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when the season gives you onions and cabbage...

...make a Carmelized Onion and Cabbage Tart!

This savory vegetable tart, courtesy of Martha Rose Shulman at the New York Times, takes us on a little trip to France for a rustic tart that seriously elevates the humble onion and cabbage - with the help of a little Gruyère, bien sûr.

The crust is a whole wheat yeasted olive oil pastry - if you choose to make your own. I did, and although I was tempted to go with my tried and true pâte brisée - I'm glad I tried something new. Substituting olive oil for butter, and using whole wheat flour makes for a healthier crust, plus it's smoother and easier to work with. There's none of that pesky cracking of a short crust. It's simple enough to make and while it rises on the counter, you have time to make the filling. Plus, there is no need to blind bake this crust, you just roll it out, plop it in the tin, fill and bake.

Step 1 - Make the crust

Whole Wheat Yeasted Olive Oil Pastry - makes 2


2 teaspoons active dry yeast (1 envelope)

1/4 teaspoon sugar

1 large egg, at room temperature, beaten

1/4 cup olive oil

1 cup whole wheat pastry flour

1 cup all purpose unbleached flour (more as needed)

3/4 teaspoon salt


Dissolve the yeast in 1/2 cup lukewarm water, add the sugar, and allow to sit until the mixture is creamy, about 5 minutes. Beat in the egg and the olive oil. Combine the flours and salt, and stir into the yeast mixture. You can use a bowl and wooden spoon for this, or a mixer - combine the ingredients, using the paddle. Work the dough until it comes together in a coherent mass, adding flour as necessary. Turn out onto a lightly floured surface, and knead gently for a few minutes, adding flour as necessary, just until the dough is smooth - do not overwork it. Shape into a ball. Place in a lightly oiled bowl, cover the dough tightly with plastic wrap, and allow to rise in a draft-free spot until doubled in size, about one hour.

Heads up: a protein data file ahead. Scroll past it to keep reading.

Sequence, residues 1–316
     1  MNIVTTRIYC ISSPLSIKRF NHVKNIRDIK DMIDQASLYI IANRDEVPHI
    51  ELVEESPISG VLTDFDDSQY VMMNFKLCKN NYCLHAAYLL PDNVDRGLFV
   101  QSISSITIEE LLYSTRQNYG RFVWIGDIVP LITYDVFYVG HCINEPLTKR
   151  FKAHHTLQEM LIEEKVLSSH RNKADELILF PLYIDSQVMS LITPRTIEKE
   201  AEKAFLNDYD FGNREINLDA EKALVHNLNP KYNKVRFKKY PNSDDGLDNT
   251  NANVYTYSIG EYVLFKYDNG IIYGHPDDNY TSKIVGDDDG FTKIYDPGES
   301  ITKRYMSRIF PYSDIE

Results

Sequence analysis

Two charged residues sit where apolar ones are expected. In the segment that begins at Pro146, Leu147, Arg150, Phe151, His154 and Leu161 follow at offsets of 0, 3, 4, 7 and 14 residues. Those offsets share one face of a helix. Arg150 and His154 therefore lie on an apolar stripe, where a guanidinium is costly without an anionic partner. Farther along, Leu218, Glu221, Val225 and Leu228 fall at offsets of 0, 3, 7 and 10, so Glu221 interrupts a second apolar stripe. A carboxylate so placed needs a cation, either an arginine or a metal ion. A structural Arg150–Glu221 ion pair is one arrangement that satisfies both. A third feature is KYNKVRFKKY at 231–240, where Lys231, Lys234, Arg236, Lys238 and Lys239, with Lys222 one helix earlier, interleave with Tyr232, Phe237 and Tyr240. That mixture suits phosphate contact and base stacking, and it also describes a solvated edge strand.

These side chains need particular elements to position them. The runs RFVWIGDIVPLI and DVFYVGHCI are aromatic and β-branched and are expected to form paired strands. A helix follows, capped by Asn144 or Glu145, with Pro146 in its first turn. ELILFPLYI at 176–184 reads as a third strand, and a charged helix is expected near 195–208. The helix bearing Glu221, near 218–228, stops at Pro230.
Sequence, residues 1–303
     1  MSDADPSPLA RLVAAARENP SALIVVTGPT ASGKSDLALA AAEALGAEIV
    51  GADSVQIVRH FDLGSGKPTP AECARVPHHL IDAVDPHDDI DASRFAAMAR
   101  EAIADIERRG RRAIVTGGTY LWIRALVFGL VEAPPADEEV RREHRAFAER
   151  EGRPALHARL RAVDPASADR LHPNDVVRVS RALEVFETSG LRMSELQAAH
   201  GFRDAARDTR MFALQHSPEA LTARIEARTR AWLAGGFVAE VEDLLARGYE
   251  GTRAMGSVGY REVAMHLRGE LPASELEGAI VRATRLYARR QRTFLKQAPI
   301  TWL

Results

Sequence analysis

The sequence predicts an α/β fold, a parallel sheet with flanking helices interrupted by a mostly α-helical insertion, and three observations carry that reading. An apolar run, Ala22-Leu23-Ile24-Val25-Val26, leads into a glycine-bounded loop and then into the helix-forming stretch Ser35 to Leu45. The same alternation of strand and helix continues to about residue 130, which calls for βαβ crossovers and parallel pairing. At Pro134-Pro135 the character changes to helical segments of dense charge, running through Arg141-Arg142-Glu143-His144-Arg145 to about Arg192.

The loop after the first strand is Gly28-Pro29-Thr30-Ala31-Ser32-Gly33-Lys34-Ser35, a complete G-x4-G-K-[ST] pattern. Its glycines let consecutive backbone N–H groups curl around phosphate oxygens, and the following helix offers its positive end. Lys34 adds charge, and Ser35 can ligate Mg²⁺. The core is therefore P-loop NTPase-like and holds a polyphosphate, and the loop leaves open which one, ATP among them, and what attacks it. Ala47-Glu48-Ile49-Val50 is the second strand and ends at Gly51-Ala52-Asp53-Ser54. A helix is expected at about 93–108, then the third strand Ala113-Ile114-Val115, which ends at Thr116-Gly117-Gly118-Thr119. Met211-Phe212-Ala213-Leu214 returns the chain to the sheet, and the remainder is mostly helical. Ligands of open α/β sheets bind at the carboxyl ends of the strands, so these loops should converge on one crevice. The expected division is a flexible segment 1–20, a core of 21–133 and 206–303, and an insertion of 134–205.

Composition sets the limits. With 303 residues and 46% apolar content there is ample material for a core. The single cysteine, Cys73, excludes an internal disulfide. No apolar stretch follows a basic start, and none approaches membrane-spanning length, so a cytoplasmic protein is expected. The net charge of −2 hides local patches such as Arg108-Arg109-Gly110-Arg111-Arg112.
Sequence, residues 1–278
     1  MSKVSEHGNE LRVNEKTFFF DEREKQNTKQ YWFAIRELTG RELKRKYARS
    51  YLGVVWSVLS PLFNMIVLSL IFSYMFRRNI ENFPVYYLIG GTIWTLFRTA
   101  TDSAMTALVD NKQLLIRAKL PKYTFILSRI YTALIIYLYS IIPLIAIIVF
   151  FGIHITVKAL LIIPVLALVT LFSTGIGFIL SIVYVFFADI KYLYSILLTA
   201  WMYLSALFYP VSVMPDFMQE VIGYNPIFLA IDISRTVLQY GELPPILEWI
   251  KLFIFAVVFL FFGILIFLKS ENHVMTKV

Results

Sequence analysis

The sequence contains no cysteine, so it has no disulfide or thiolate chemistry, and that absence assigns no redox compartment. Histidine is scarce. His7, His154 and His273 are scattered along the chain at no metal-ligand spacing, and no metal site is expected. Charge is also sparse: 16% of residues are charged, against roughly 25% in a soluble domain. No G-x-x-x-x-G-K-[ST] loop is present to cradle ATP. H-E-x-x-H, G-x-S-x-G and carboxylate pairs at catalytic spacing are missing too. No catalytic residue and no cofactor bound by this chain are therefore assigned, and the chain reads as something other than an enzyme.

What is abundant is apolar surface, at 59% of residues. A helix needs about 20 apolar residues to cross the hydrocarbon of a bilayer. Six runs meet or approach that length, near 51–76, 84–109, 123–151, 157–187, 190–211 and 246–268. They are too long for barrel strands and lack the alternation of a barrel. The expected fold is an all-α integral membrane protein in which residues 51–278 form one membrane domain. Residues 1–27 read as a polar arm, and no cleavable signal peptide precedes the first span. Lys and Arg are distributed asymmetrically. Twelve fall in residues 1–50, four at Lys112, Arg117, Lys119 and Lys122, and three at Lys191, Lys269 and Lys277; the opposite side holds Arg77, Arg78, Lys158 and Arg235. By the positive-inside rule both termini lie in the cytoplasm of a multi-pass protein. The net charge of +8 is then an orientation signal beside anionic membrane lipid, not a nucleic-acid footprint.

Turn the dough out onto a lightly floured surface, gently knead a couple of times, and cut into two equal pieces. Shape each piece into a ball without kneading it. Cover the dough loosely with plastic wrap and let rest for five minutes. Then roll out into thin rounds and line pan with one of them. If not using the second crust, freeze the dough to prevent it from rising and becoming too bready. The dough can be transferred directly from the freezer to the oven.

Step 2 - Make the carmelized onion and cabbage filling


2 tablespoons extra virgin olive oil

2 medium onions, cut in half root to stem, then thinly sliced across the grain


2 garlic cloves, minced

1 small cabbage (or half of a large cabbage), shredded or chopped (about 6 cups)

4 eggs

3/4 cup lowfat milk

1 teaspoon fresh sage - finely chopped

1 tablespoon fresh thyme

1/2 cup tightly packed (2 oz) Gruyère cheese

Heat 1 tablespoon olive oil in a large, heavy nonstick skillet over medium heat. Add the onions, and cook, stirring, until they begin to sizzle and soften, about three minutes. Add a generous pinch of salt and the garlic. Stir everything together, turn the heat to low, cover and cook slowly for 45 minutes, stirring often, until the onions are very soft, sweet, and light brown. Add sage and thyme to onions.

Meanwhile, heat the remaining olive oil over medium heat in another large skillet. Add the cabbage. Cook, stirring often, until it begins to wilt, then add salt and pepper to taste. Continue to cook for another 10 to 15 minutes, stirring often, until the cabbage is tender and fragrant. If it hasn't wilted yet, add 1/4 cup of water to cabbage and cover for 5 minutes. Stir in the onions, simmer together for about five minutes or until there is no longer any liquid in the pan, and remove from heat.

Heat the oven to 350°. Oil a 9 or 10-inch tart pan and line with the dough. Beat the eggs and milk in a bowl and season with about 1/2 teaspoon of salt and a pinch of pepper. Stir in the onions, cabbage and cheese and combine well. Scrape into the tart pan, and place in the oven. Bake 40 - 45 minutes until the top is lightly browned. If you want to brown it further, put it under the broiler for a minute or so.

Bon appétit!

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